Boulder Fire-Rescue firefighters monitor prescribed burning at all times until the burns are safely extinguished. For larger burns, Boulder Fire-Rescue calls in firefighters from local, state and federal agencies to help manage and extinguish prescribed burns.
Conditions and Weather
Prescribed burning is only carried out if and when weather and vegetation conditions are acceptable to assure the safety of the public and minimize the potential impacts of smoke. Weather is an important driving factor in prescribed burning and can dramatically influence the success of a burn. In some cases, prep work is completed but the burn may be called off because the proper weather or fuel conditions can’t be met.
Depending on the fire’s location and its size, OSMP may close trails during prescribed burns. For trail closure information during a prescribed burn, please visit OSMP.org. or come back to this site.
Prescribed fire smoke may affect your health. For more information, please visit the Colorado Department of Public Health and Environment. Residents will see smoke from small and large burns. Residual smoke may be seen after burns are completed. Firefighters will remain on scene until all burns are completely extinguished. Young children – especially those under 7 years - older residents, those who have pre-existing respiratory or circulatory conditions and pregnant women may be affected by smoke. To avoid smoke, please close windows and stay indoors.
Frequently Asked Questions
Why conduct prescribed burns?
Historically fire played a significant role in maintaining the ecological health of our forests and prairies. Low elevation ponderosa pine forests and grasslands burned as frequently as every 5 to 30 years. But with the growing population and urbanization of the West, fire suppression has become the norm. That has allowed forests to become denser and vegetation to grow rampantly, creating larger fire risks for some communities, while also stunting important ecological processes.
Today, scientists have decades of research citing fire as an essential element to maintain forest health and to protect our native species. By introducing prescribed fires, the City of Boulder can restore the natural balance for Colorado’s fire-adapted ecosystems and reduce the amount of fuel in the forest during a wildfire.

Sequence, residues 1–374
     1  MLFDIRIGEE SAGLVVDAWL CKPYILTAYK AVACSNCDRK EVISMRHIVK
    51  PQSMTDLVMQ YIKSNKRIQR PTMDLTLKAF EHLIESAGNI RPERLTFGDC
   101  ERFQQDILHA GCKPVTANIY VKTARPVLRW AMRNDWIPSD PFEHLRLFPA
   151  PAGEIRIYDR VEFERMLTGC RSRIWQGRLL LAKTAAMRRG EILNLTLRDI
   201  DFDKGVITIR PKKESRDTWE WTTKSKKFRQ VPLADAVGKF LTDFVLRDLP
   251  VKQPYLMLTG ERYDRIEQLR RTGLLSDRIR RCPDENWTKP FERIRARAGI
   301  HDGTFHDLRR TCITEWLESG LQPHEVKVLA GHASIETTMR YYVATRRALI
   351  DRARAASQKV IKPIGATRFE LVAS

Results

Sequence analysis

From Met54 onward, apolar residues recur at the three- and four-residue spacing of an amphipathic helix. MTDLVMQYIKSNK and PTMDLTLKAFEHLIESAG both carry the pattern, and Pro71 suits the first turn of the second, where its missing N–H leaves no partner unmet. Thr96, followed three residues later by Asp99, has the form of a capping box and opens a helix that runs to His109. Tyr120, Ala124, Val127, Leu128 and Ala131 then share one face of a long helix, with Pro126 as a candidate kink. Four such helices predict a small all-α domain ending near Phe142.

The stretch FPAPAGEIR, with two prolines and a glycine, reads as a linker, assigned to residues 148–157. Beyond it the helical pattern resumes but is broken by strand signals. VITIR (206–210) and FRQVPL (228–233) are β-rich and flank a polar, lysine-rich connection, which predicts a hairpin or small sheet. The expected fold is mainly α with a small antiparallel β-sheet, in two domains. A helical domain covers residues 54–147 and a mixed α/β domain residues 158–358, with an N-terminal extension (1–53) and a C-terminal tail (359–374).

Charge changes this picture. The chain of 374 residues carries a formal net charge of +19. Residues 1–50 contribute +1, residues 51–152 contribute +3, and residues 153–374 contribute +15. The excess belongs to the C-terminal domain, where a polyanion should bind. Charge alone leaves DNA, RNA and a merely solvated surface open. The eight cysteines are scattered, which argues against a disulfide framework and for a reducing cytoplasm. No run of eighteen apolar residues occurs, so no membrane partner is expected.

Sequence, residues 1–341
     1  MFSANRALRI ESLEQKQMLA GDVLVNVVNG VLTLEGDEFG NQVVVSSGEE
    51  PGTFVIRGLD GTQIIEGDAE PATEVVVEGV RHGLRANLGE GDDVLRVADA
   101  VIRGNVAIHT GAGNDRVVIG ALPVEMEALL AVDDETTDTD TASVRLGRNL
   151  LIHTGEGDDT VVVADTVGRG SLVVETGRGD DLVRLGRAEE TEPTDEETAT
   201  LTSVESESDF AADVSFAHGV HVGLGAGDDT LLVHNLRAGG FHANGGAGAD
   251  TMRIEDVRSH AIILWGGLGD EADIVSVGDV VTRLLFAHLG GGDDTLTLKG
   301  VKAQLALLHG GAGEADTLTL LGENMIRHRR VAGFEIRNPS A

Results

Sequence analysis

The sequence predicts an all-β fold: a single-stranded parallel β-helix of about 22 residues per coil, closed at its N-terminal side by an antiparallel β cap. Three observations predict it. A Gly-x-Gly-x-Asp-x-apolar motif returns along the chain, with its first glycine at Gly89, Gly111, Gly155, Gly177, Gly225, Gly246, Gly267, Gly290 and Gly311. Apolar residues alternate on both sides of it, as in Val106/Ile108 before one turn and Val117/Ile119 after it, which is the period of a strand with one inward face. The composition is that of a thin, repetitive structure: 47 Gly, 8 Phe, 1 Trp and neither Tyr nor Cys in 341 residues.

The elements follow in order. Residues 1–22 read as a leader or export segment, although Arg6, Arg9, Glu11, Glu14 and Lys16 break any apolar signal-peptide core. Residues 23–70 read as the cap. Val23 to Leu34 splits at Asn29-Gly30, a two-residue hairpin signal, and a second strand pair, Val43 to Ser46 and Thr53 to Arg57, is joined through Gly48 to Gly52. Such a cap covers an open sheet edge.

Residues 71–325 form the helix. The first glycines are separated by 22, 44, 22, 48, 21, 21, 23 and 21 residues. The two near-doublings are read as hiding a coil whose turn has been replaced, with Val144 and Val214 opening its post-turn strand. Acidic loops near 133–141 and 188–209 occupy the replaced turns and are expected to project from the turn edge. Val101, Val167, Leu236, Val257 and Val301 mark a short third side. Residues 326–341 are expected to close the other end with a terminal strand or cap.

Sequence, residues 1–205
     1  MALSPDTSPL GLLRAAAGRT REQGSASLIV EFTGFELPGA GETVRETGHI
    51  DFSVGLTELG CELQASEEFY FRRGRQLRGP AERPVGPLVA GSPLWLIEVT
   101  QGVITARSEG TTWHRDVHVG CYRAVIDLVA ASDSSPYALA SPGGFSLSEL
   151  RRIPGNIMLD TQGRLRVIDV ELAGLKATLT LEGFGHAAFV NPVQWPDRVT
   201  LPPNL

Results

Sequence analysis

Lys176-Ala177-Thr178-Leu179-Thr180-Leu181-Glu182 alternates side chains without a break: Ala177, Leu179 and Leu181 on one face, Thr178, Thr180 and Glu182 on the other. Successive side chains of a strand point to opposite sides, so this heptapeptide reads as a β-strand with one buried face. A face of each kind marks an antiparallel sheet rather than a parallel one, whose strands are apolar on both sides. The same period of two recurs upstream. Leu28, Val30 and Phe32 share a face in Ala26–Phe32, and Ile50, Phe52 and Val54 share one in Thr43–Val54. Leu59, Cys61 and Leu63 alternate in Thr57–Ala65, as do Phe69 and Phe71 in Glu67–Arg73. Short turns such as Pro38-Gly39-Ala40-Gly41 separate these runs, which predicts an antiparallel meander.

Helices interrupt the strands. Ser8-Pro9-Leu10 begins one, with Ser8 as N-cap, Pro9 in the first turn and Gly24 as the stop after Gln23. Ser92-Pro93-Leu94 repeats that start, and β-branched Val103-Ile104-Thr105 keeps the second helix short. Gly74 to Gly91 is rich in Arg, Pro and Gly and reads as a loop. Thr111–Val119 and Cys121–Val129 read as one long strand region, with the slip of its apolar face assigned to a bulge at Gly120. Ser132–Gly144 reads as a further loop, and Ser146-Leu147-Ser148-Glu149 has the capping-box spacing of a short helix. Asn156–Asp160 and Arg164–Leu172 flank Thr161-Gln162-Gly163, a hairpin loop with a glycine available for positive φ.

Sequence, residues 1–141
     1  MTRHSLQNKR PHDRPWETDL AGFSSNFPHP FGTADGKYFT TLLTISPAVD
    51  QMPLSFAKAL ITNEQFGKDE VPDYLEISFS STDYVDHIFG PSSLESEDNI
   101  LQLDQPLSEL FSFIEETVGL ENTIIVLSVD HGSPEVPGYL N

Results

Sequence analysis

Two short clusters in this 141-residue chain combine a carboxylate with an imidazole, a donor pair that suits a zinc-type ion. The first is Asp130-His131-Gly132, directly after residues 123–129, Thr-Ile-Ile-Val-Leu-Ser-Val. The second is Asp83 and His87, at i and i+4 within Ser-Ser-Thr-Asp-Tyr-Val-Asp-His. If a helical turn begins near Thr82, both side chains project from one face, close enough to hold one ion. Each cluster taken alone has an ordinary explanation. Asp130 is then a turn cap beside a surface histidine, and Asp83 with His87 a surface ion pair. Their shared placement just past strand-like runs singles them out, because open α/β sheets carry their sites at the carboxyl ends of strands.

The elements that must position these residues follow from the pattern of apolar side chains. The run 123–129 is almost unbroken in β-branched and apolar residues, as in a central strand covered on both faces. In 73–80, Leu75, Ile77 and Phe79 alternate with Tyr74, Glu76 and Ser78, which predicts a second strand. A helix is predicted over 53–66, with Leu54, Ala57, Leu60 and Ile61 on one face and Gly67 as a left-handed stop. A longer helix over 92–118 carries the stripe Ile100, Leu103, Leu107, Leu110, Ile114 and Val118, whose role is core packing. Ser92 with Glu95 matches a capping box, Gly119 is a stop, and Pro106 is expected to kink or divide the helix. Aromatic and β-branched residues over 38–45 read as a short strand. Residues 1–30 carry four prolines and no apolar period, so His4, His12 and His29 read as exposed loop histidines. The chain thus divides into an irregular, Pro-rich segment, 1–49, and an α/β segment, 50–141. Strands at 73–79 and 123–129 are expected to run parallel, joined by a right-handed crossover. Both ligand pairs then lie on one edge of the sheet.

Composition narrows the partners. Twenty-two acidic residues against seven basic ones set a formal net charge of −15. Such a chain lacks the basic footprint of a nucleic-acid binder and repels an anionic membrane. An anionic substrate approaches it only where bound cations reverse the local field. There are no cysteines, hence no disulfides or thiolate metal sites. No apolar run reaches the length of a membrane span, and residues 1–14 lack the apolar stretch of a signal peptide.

Why does fire help restore important ecological processes to forests and other areas?
In our agricultural operations, fire is an essential tool for maintaining irrigation ditches and ensuring water flows throughout the system. It also can be used to clear fields, control weeds and improve forage for grazing. Low-intensity burns in grasslands and forests remove dead vegetation and needles that can quickly accumulate. A build-up of dead material can inhibit the growth of native plants and decrease the habitat value for wildlife. Burning cycles nutrients back into the soil, and results in more dense and diverse native vegetation.
Regular burning can also remove small trees that create competition for larger, mature trees in a forest. By managing forest density through fire, the remaining trees are healthier and more resistant to high-intensity wildfires and forest insects like Mountain Pine Beetle.
How does OSMP choose areas where it will use prescribed burns?
Burn selection is always a balance between risk and benefit. Can we effectively burn an area to meet the ecological goals while minimizing the risk and impacts to surrounding neighbors and resources? The highest priority is public safety. Considerations such as fuel type, topography and the ability to maintain perimeter lines are critical in evaluating potential prescribed burn locations.
It’s also essential to consider the ecological benefits. Every managed area has a list of ecological goals we hope to meet through burning. We also consider the strategic benefit of a prescribed burn on the landscape. With any prescribed fire, one of the end results is a decrease in fuel load, and in certain areas, this can create a fuel break to protect nearby homes and private property.
The city’s Forest Ecosystem Management Plan and Grassland Ecosystem Management Plan – which lay out how OSMP will accomplish its ecological responsibilities mandated by the department’s charter – identify prescribed fire as an important management tool and a high-priority conservation strategy.